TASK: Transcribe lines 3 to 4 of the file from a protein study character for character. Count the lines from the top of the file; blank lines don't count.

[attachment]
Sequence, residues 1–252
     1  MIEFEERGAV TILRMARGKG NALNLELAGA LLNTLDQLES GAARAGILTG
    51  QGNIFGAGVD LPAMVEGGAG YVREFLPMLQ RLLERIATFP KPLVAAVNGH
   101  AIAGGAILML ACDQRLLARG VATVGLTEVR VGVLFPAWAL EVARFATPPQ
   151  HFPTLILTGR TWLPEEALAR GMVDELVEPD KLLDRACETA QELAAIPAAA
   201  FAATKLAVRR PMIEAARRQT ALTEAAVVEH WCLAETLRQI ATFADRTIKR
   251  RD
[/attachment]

    51  QGNIFGAGVD LPAMVEGGAG YVREFLPMLQ RLLERIATFP KPLVAAVNGH
   101  AIAGGAILML ACDQRLLARG VATVGLTEVR VGVLFPAWAL EVARFATPPQ